The Minnesota was now in a desperate situation. It is true that, being aground, she could not sink, but, looking through the glass, I could see a hole in her side, made by the Merrimac's rifle shells. She had lost a number of men, and had once been set on fire. Her destruction or surrender seemed inevitable, since all efforts to get her afloat had failed. But just then the Merrimac turned away from her toward the Roanoke and the St. Lawrence. These vessels had suffered but little from the distant fire of the Sewell's Point batteries, but both had run aground, and had not been floated off again [714] without great difficulty, for it was very hazardous for vessels of deep draught to manoeuvre over these comparatively shallow waters. When the Merrimac approached, they delivered broadsides and were then towed back with promptness. The Merrimac pursued them but a short distance (for by this time darkness was falling upon the scene of action, the tide was ebbing, and there was great risk of running aground), and then steamed toward Norfolk with the Beaufort, leaving her wounded at the Marine Hospital.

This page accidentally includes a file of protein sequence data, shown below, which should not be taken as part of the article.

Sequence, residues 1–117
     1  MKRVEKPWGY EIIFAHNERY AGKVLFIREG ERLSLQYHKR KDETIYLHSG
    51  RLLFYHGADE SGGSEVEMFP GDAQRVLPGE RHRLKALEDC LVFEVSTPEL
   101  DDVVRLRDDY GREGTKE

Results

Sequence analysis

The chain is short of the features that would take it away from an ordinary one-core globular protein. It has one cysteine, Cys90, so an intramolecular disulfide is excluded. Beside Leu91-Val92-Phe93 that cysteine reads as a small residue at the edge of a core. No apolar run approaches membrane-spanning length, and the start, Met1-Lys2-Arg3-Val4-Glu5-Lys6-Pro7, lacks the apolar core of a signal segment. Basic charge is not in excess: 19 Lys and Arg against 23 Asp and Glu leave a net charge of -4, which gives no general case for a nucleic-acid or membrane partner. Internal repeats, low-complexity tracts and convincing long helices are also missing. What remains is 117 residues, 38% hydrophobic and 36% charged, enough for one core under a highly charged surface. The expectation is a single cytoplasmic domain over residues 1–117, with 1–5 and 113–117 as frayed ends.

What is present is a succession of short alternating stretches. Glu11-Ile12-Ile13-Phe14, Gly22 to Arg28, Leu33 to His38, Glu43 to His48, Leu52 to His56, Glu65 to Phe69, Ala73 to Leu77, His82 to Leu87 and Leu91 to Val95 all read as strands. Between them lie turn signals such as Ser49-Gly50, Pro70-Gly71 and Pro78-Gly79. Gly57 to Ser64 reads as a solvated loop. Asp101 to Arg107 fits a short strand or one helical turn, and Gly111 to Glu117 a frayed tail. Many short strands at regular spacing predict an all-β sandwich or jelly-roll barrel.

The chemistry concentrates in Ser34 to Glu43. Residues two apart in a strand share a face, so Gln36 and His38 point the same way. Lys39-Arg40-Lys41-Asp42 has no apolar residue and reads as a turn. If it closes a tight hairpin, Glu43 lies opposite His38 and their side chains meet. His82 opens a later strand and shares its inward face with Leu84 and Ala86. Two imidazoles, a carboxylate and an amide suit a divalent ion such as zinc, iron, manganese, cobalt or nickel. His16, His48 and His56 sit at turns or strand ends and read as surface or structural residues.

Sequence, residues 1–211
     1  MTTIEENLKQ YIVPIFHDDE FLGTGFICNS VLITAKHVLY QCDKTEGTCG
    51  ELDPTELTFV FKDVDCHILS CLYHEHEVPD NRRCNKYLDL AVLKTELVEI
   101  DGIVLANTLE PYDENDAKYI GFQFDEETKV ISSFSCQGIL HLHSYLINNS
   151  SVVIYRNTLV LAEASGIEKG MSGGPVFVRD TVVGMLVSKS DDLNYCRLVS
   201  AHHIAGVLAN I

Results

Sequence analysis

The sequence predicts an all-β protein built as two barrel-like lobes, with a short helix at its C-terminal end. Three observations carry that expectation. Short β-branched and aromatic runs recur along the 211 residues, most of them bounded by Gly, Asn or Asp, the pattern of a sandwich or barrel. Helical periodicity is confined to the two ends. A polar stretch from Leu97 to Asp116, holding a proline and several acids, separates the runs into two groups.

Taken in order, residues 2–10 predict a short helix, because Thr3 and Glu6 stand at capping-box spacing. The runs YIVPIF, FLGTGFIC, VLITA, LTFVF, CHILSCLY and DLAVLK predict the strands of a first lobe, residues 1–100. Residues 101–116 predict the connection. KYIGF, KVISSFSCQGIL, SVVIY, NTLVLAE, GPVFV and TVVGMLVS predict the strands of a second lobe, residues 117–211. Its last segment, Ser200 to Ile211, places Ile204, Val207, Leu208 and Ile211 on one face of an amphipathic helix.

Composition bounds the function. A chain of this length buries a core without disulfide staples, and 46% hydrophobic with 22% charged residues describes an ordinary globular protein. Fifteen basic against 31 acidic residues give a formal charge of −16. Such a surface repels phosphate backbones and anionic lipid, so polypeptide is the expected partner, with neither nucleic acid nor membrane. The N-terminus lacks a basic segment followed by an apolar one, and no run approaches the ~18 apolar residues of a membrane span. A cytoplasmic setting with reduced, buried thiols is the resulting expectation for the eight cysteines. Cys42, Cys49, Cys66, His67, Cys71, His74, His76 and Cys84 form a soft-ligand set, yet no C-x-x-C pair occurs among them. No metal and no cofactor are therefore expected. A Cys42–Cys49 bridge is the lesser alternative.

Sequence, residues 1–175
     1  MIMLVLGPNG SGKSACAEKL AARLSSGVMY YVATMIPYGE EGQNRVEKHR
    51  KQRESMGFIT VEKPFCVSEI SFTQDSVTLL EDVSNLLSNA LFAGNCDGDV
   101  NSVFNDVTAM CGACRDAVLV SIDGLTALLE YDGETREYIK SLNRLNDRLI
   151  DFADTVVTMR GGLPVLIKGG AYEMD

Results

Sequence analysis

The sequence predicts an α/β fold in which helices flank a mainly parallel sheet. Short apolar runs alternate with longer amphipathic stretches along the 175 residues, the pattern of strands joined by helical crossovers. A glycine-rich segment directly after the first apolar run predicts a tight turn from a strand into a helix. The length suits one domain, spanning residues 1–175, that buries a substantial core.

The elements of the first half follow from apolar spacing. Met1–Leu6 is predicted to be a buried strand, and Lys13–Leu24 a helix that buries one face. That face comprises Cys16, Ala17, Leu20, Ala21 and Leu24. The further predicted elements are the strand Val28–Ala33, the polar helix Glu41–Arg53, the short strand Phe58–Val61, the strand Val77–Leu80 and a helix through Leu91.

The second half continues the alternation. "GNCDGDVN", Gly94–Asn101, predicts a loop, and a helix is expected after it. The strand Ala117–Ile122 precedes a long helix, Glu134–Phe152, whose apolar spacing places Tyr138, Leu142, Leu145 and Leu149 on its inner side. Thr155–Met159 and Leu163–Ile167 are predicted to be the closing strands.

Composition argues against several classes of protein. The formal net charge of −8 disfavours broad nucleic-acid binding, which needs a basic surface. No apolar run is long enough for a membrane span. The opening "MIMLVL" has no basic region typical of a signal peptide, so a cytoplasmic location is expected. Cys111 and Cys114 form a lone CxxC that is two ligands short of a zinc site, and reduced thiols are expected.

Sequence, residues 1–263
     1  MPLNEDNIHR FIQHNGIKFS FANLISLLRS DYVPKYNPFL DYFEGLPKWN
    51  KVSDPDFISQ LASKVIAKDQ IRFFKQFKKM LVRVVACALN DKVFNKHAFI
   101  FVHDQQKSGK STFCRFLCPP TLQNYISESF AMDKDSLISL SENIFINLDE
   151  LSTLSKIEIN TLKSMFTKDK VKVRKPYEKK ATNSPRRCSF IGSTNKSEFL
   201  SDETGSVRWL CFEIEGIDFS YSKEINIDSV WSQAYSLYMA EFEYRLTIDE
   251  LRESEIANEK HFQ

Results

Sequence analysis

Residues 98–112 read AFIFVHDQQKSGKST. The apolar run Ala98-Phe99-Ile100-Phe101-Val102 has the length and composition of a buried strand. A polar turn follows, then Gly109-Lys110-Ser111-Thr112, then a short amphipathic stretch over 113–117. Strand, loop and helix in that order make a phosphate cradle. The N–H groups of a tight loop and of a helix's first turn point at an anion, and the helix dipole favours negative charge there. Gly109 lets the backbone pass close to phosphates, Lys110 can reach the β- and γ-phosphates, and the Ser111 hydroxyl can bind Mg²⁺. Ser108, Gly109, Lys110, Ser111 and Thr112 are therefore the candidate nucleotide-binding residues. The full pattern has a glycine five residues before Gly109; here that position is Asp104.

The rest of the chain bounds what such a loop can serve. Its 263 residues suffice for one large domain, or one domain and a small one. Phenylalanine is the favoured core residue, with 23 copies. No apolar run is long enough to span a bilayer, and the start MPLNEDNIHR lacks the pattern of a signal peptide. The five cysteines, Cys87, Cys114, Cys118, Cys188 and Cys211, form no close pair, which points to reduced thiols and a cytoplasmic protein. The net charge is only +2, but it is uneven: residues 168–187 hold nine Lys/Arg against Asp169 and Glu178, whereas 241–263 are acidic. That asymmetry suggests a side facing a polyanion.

And now followed one of the grandest episodes of this splendid yet somber drama. The moon in her second quarter was just rising over the waters, but her silvery light was soon paled by the conflagration of the Congress, whose glare was reflected in the river. The burning frigate four miles away seemed much nearer. As the flames crept up the rigging, every mast, spar, and rope glittered against the dark sky in dazzling lines of fire. The hull, aground upon the shoal, was plainly visible, and upon its black surface each port-hole seemed the mouth of a fiery furnace. For hours the flames raged, with hardly a perceptible change in the wondrous picture. At irregular intervals, loaded guns and shells, exploding as the fire reached them, sent forth their deep reverberations. The masts and rigging were still standing, apparently almost intact, when, about 2 o'clock in the morning, a monstrous sheaf of flame rose from the vessel to an immense height. A deep report announced the explosion of the ship's powder-magazine. Apparently all the force of the explosion had been upward. The rigging had vanished entirely, but the hull seemed hardly shattered; the only apparent change in it was that in two places two or three of the port-holes had been blown into one great gap. It continued to burn until the brightness of its blaze was effaced by the morning sun.